One in six seniors aged 60 and older has experienced some form of elder abuse within the past year, as of January 2018. The global increase in older people requires family, friends, and neighbors to become more alert of potentially abusive situations.

Whether you are an older adult; care for someone who is; or simply know an older person; you can play a part in preventing elder abuse. World Elder Abuse Awareness Day (WEAAD) on June 15 is an annual call to action for individuals, organizations, and communities concerned with senior rights which urges individuals to volunteer for organizations benefitting seniors.

The National Center on Elder Abuse states, “The purpose of WEAAD is to provide an opportunity for communities around the world to promote a better understanding of abuse and neglect of older persons by raising awareness of the cultural, social, economic, and demographic processes affecting elder abuse and neglect.”

Signs of elder abuse can be difficult to recognize and are crucial in getting help for victims. Take note of the following warning signs of possible abuse. These factors may exist alone or in combination; may escalate in frequency or severity; and may change from one form to another:

  • Unexplained signs of injury (bruises, welt, scars), especially if they appear symmetrically on two sides of the body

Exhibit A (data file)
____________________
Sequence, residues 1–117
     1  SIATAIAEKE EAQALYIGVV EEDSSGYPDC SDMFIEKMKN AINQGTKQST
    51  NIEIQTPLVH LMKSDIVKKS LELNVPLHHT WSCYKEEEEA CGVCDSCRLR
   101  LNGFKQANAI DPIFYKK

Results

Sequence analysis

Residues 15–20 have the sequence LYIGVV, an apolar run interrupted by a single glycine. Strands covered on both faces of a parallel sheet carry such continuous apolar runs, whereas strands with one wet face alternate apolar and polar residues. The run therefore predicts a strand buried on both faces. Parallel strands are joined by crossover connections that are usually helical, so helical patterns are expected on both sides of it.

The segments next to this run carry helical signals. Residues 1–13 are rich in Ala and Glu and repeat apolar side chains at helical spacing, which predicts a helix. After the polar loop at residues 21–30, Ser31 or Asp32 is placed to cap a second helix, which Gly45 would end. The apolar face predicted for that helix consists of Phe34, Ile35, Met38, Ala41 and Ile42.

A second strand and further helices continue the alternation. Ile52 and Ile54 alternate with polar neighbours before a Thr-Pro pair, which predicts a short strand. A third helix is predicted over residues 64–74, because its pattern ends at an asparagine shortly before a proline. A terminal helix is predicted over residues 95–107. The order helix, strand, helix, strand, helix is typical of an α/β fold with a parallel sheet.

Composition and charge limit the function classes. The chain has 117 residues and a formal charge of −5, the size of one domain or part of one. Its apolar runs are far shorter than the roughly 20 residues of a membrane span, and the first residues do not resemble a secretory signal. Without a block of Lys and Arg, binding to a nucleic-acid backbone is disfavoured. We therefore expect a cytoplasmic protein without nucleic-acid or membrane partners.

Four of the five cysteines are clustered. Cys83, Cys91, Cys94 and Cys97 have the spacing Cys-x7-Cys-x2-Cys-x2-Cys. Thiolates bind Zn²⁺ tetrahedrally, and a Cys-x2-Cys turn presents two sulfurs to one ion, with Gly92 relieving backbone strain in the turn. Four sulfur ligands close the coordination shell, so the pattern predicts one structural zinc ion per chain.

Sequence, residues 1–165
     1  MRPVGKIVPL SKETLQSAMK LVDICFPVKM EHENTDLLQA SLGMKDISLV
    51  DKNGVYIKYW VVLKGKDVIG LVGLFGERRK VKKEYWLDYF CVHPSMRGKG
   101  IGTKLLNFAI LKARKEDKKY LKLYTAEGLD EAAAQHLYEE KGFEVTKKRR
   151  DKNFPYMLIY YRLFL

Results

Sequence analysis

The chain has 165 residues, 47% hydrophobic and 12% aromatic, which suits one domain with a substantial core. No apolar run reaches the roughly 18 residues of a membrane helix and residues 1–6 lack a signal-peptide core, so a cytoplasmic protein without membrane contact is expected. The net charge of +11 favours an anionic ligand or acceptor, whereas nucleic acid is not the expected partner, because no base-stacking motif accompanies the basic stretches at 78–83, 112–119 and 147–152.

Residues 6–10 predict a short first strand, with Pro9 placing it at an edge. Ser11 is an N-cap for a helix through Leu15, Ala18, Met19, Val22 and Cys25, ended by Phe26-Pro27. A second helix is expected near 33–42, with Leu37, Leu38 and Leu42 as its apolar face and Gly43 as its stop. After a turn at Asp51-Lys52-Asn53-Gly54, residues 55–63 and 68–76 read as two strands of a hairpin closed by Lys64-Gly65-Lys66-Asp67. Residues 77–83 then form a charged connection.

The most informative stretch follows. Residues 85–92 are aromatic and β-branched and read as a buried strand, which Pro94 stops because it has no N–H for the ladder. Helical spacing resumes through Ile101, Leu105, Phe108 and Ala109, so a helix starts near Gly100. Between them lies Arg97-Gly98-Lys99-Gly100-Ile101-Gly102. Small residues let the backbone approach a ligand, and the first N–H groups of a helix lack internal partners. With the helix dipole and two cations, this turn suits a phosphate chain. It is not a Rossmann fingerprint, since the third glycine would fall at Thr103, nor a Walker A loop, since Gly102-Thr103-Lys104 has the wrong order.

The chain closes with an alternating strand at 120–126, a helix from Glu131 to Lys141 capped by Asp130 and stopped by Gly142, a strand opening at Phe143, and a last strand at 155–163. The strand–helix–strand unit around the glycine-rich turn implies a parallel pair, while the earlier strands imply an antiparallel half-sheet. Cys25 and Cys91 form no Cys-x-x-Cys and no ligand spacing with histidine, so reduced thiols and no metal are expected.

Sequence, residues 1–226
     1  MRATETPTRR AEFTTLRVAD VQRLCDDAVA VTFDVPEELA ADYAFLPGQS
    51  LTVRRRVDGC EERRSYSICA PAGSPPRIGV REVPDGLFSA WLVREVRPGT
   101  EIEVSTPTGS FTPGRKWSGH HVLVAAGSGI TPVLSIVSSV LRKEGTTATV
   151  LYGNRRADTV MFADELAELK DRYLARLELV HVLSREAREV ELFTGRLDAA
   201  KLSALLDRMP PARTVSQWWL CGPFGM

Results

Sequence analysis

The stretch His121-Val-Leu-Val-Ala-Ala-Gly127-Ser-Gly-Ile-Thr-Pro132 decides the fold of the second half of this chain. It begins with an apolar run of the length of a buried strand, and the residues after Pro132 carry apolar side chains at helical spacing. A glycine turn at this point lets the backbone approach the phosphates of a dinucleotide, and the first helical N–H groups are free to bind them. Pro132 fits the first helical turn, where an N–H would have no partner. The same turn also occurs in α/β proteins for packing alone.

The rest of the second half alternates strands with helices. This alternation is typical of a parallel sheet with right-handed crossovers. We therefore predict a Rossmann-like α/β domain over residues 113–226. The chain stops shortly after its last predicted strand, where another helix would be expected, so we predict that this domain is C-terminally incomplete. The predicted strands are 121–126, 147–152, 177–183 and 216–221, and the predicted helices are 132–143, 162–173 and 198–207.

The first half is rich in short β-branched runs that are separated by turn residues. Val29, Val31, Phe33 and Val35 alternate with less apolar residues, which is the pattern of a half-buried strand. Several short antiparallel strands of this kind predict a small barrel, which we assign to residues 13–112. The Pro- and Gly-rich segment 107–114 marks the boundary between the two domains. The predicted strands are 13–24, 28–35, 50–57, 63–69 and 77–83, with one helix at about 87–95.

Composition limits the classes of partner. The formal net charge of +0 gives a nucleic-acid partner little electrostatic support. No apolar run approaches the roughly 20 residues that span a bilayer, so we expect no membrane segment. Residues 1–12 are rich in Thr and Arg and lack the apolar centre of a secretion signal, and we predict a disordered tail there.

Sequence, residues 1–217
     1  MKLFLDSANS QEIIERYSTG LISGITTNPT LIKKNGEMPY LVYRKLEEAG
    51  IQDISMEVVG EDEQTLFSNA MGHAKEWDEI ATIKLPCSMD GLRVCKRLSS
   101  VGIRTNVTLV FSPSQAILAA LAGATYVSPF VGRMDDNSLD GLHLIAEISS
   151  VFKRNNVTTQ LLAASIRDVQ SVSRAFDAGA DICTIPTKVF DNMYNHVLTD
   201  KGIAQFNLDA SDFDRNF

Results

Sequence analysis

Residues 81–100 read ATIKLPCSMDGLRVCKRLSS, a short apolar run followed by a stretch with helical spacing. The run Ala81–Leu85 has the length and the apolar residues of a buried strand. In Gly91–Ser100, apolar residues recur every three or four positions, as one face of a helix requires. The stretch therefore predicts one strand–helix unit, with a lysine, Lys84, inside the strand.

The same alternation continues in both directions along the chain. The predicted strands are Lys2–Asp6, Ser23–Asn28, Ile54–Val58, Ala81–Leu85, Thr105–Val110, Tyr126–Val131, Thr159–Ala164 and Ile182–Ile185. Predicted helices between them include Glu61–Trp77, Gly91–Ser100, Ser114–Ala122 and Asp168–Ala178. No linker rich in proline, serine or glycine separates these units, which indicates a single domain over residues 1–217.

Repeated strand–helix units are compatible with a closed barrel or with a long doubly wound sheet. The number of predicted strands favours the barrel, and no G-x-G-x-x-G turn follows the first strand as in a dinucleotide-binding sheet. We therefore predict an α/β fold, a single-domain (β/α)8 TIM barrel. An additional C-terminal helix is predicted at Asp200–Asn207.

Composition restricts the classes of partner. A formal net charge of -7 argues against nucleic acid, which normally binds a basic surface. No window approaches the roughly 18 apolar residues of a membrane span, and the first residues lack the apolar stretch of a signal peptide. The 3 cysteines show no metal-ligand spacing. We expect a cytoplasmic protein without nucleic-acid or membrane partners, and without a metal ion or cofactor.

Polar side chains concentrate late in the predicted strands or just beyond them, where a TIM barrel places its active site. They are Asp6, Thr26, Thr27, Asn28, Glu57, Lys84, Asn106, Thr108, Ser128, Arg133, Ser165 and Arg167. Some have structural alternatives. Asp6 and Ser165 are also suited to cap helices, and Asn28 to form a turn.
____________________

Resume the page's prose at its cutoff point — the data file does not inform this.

• Abnormal explanations of broken bones, sprains, or dislocations
  • Unusual weight loss, malnutrition, and dehydration
  • Unsanitary living conditions: dirt, bugs, soiled bedding and clothes
  • Significant withdrawals from the elder’s accounts
  • Suspicious changes in wills, power of attorney, titles, and policies

Call 911 when any individual is facing an immediate or life-threatening danger.

Report adult abuse or neglect. Contact Adult Protective Services: (408) 975-4900.

Lung Cancer Screening

Medicare Part B covers lung cancer screening using low-dose computed tomography (LDCT) if the individual meets all the following criteria:

  • Aged 55 to 77
  • No signs or symptoms of lung cancer
  • Current smoker or quit smoking within the past 15 years
  • Tobacco smoking history averaging one pack per day for 20 years (“20 pack-years”)
  • An order from a doctor or healthcare provider

Take advantage of these preventative services offered by Medicare by asking for them for yourself or your loved one. In this way, older adults can reduce their risk of developing substance abuse disorders or mitigate its effects to maintain healthier lifestyles.

References

  1. National Institute on Drug Abuse. (2020, July). Substance use in older adults drugfacts. Substance Use in Older Adults DrugFacts | National Institute on Drug Abuse (NIDA) (nih.gov)
  2. gov. (n.d.). Preventive & screening services. preventive services (medicare.gov)

 

This project was supported by the Administration for Community Living (ACL), U.S. Department of Health and Human Services (HHS) as part of a financial assistance award totaling $94,686 with 100 percent funding by ACL/HHS. The contents are those of the author(s) and do not necessarily represent the official views of, nor an endorsement, by ACL/HHS, or the U.S. Government.